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International Review of the Red Cross, 2007, No. 868 – Conflict in Iraq (I)

Theme: Conflict in Iraq (I)

The war in Iraq presents challenges to all those involved in it, including humanitarian actors. In this issue of the Review, various authors look at the socio-political and humanitarian environment in Iraq today and assess the impact of the conflict on humanitarian law and humanitarian action. The issue is divided into two parts: the first part (Iraq I, December 2007 edition) comprises all articles dealing with the socio-political and humanitarian environment, while the second one (Iraq II, March 2008 edition) is concerned with humanitarian law and action.

It is hoped that the author's insights into these topics will contribute to a better understanding of the complexity of this conflict and point towards possible ways to alleviate the suffering of the Iraqi people.

Issue No. 868 - 2007

Theme: Conflict in Iraq (I)

Table of contents

  • Editorial - IRRC December 2007 No 868
    Toni Pfanner
  • Interview with His Royal Highness Prince Hassan of Jordan
    In the interview, His Royal Highness Prince El Hassan bin Talal stressed the need for the application of humanitarian principles to the conflict in Iraq and evoked that justice and the respect of human rights must be ensured by all parties. One way to protect human rights is by establishing a common humanitarian order, a "law of peace", as the Prince calls it.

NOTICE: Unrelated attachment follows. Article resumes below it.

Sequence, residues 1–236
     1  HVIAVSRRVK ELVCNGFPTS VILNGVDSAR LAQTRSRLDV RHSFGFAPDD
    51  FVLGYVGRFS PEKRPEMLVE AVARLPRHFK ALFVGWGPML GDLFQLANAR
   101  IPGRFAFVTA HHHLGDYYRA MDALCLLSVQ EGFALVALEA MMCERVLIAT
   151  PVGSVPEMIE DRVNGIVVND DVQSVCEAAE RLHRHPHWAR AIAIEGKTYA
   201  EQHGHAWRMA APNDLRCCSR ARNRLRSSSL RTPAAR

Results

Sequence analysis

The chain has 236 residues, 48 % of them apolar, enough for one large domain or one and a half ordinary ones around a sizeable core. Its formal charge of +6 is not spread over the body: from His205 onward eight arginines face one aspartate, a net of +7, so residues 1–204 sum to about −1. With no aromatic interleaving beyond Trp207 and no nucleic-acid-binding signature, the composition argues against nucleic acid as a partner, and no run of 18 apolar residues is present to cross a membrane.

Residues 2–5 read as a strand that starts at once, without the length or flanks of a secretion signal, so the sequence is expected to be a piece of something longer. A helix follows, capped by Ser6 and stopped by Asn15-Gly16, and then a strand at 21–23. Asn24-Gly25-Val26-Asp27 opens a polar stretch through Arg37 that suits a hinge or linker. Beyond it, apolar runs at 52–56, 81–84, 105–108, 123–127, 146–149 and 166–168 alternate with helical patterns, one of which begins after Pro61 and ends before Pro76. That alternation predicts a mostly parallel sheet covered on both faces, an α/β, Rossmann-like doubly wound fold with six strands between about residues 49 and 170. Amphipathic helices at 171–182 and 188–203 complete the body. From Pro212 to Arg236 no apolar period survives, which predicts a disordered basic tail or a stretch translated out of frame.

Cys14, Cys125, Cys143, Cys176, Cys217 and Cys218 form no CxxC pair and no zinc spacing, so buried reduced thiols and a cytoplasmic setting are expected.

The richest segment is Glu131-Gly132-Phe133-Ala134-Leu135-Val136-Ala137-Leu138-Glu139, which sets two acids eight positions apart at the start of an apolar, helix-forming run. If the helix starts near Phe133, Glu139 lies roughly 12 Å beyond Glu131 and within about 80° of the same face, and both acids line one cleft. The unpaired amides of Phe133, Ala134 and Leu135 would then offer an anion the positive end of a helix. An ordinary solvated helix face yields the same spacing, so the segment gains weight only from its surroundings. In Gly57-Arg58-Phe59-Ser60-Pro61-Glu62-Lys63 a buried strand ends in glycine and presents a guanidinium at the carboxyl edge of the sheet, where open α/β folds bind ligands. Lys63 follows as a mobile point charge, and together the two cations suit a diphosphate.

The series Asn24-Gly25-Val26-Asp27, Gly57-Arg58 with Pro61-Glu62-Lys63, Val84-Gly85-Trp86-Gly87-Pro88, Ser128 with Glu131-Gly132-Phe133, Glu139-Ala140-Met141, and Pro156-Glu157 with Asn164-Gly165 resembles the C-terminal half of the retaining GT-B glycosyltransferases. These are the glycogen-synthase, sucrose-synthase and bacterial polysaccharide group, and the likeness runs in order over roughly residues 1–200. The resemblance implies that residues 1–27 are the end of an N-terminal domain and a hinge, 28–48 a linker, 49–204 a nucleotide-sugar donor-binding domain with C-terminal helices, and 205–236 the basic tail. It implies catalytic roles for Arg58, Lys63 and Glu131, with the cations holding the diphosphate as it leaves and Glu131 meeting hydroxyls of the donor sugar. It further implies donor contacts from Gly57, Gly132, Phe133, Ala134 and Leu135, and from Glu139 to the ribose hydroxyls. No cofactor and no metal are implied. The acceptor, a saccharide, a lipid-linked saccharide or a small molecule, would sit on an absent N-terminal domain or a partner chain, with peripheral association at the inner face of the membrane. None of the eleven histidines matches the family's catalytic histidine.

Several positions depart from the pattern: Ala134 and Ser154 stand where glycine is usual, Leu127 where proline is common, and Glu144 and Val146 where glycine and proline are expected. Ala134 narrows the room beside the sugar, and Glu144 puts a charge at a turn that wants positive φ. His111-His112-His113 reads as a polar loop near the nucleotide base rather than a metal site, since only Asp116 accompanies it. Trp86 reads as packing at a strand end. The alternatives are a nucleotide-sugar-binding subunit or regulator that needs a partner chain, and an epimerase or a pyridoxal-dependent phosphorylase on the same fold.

• A new sectarian threat in the Middle East?
    Joost Hiltermann
    A Shiite resurgence in Iraq has generated a region-wide Sunni backlash. After discussing the schism’s origins, manifestations and implications, the author concludes that the primary battle in the region is between the United States and Iran. The most effective long-term response to sectarianism itself, however, will likely come from systemic restraints that exist in the form of countervailing loyalties that prevent any single allegiance, such as religious adherence, from becoming paramount.
  • Ethnicity, federalism and the idea of sectarian citizenship in Iraq: a critique
    Reidar Visser
    The article discusses the “ethnic paradigm” that currently prevails in analyses of Iraqi history and politics. While acknowledging the strong forces associated with ethnic and sectarian loyalties in the country, the article points to three important indicators of the surviving Iraqi nationalist sentiment that cuts across these ethno-sectarian categories.
  • The Kurds as parties to and victims of conflicts in Iraq
    Inga Rogg, Hans Rimscha
    After decades of fighting and suffering, the Kurds in Iraq have achieved far-reaching self-rule. Looking at the history of conflicts and alliances between the Kurds and their counterparts inside Iraq and beyond its borders, the authors find that the region faces an uncertain future. A federal and democratic Iraq however, could offer a rare opportunity for a peaceful settlement of the Kurdish question in Iraq - and for national reconciliation.
  • Islam as a point of reference for political and social groups in Iraq
    Pierre-Jean Luizard